- Amy Hunter
- Spokane County Sheriff Ozzie Knezovich (middle) marches onto the football field
Big No. 98 wears a large, articulated knee brace on his right leg. He’s a defensive lineman, but even during offensive series, he keeps his maroon helmet on, which has a decal of a sheriff’s badge atop a pair of crossed six-guns. He breathes deeply through his nose to catch his breath. From the sideline, he stares intently at the field and does squat jumps to keep his joints loose.
Local cops swapped one uniform for another this weekend, and traded in their guns for an oblong leather ball and cleats. The Spokane Regulators — a conglomeration of local law enforcement — formed last year as part of a Spokane County Sheriff’s Office program designed to provide a team-based outlet outside of work. It’s a release from the stress of the job and a respite from what can be intense public scrutiny.
These guys aren’t feeling as young as they used to, though. Even the young ones. Still, they play gutty football. “Bend but don’t break, right?” Spokane officer and strong safety Darrell Quarles says.
On field, quarterback and Valley Deputy Cole Speer hits wide receiver Jared Thomas on a long fly route down the right sideline. Thomas makes a diving catch, sliding to a stop at the 18-yard line.
One play later, running back and corrections Lt. Phil Tyler doesn’t look to be going anywhere, but he finds a seam and hits it, his compact frame exploding through a narrow gap. Tyler gains 12 yards before being hogtied and brought down. The drive stalls there, eight yards from a touchdown.
Thomas lines up to take the field goal. Big No. 98 — Sheriff Ozzie Knezovich — runs in to block for him. Knezovich was a lineman at Wyoming and Weber State in the early ‘80s. Now, held together with athletic tape and braces, he looks a little like Robocop.
Thomas’ kick is good, and the Regulators pull even with the San Bernardino Enforcers, law enforcement folks from Southern California. The crowd — some 800 people packed into the narrow bleachers at West Valley High School — erupts.
Local law enforcement hasn’t gotten much good press lately. A spate of shootings last fall — in which cops shot six people and killed four — ignited public distrust. The death of Wayne Scott Creach, a Spokane Valley pastor, at the hands of Sheriff’s Deputy Brian Hirzel drew special scrutiny.
Here, though, it’s all cheering. Things get especially loud in the third quarter, when Speer — the QB and first responding officer to the Creach shooting — throws a dart to Ryan Pederson. Pursued by three defenders, he streaks 70 yards for a touchdown.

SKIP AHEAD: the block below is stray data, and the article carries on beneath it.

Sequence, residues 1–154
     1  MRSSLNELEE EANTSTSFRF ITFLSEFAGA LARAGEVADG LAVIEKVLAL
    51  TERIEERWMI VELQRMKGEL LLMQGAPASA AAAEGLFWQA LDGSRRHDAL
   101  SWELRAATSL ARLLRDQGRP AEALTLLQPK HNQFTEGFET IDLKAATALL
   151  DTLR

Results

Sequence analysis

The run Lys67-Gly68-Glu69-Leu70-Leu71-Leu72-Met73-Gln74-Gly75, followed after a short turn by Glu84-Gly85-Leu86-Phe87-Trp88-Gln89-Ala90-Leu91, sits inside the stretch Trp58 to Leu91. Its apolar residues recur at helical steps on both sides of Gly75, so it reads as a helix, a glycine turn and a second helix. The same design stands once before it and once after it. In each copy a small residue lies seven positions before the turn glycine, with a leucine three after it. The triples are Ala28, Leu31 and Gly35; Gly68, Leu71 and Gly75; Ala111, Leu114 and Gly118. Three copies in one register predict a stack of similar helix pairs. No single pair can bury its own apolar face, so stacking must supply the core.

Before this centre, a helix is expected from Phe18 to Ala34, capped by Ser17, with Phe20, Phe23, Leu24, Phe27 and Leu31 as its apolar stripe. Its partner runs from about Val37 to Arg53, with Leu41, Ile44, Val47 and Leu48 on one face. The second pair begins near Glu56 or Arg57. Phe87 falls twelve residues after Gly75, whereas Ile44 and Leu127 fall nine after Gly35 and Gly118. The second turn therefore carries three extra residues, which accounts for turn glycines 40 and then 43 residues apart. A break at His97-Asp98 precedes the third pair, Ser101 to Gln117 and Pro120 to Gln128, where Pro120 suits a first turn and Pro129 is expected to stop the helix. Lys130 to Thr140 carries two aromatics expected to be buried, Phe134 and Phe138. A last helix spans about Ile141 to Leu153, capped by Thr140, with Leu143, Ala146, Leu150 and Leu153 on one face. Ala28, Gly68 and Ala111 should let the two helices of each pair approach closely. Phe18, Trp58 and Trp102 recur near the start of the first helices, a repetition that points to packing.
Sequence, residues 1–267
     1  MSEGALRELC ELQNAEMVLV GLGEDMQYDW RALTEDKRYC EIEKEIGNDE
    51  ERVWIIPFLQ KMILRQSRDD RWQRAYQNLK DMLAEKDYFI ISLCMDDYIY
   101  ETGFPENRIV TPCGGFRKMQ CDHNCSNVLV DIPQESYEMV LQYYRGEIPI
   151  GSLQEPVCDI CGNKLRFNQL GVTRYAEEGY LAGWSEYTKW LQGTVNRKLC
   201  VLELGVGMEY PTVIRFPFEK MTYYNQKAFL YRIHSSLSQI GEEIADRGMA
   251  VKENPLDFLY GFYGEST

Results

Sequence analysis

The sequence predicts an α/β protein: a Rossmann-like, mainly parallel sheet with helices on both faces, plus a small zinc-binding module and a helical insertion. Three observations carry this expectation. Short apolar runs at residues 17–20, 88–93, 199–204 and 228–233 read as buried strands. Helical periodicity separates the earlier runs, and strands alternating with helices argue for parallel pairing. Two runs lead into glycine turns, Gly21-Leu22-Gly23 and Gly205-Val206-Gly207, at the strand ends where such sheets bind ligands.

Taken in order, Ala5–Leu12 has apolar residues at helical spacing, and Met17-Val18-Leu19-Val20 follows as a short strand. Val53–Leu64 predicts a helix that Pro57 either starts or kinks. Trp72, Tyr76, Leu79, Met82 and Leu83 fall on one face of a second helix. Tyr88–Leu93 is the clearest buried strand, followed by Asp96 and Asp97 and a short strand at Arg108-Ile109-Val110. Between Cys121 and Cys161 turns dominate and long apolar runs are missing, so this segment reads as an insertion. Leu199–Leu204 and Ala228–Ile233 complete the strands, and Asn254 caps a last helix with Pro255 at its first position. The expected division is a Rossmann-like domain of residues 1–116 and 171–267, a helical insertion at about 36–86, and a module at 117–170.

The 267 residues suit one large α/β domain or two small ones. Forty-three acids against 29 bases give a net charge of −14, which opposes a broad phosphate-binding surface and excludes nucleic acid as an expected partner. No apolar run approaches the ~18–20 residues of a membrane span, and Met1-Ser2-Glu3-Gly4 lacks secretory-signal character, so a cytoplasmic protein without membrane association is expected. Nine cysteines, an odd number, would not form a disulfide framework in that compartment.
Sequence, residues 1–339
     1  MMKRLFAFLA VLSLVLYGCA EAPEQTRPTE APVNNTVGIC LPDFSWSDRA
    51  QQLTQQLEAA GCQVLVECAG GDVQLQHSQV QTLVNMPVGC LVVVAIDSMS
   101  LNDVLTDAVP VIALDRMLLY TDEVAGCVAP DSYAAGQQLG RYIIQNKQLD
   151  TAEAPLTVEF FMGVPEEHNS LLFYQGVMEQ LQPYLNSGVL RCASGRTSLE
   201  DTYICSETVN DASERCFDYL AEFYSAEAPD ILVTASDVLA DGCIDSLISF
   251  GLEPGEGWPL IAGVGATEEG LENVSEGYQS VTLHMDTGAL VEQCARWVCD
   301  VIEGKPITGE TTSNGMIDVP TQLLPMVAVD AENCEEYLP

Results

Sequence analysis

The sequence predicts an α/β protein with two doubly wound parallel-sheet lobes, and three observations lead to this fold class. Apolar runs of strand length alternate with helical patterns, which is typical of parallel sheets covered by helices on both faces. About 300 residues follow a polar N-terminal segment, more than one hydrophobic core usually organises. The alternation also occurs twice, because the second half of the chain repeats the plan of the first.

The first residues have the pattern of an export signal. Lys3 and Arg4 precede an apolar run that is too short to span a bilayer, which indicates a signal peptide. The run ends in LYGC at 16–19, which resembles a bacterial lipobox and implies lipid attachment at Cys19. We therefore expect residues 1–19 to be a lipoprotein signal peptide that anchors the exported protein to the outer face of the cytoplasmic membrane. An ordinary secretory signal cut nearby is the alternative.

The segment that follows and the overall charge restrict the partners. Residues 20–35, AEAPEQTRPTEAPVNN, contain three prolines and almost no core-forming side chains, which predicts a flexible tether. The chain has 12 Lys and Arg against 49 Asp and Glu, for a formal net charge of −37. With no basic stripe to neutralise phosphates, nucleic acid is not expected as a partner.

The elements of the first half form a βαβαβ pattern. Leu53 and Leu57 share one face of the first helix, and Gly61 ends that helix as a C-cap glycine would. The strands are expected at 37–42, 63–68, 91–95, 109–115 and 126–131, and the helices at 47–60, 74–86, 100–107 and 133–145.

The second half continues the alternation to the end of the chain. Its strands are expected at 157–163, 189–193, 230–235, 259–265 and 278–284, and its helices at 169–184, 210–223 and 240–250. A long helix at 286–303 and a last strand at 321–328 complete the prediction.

The Regulators lead by as many as six points, but a handful of short-circuited offensive drives leaves the defense running on empty. Stumbling off the field in the fourth quarter, Jon Cantrell, a cop in Coeur d’Alene, gasps, “[The offense] better stay out there for more than three plays.”
They don’t. Soon, officers start dropping like flies.
Quarles — who had anchored the secondary — goes down with a cramped hamstring, then heads back in. Bodies litter the sideline, stretching, trying to stay loose. Big No. 98, Knezovich, hobbles off twice, once to have his ankle re-wrapped and again to have his hamstring massaged. The third time he goes down, it takes two men to carry him off. Ankle again.
“I’m done,” he says with a this-hurts-like-hell laugh.
The San Bernardino Enforcers pull ahead 12-9 on a fourth-quarter drive and field goal. Spokane has three chances to answer, but they can’t, and the game ends there.
Coach and Sheriff’s Detective Marty Pannell — who strode the sidelines in a short-billed fedora like Tom Landry and mirrored trooper’s sunglasses — had articulated two goals for this game.
First, he wanted the offense to find a rhythm. Second, he wanted people to stay healthy. “We’ve all got to work tomorrow,” he said.
Lt. Tyler, though, didn’t quite make it. “I actually just got out of the doctor’s office,” he says. “Little sprain of my wrist and a little stress fracture in the ol’ foot.”
Tyler is a man with a broad smile who laughs freely. He gets quiet, though, when talking about how trying the last year has been for himself and those around him.
He found the game a great boost of morale. On top of raising money for the Wounded Warriors Project, he says, “it made us feel whole.”
“I personally left there feeling very good,” he says, laughing again, “even though we lost.”
And also despite the broken foot.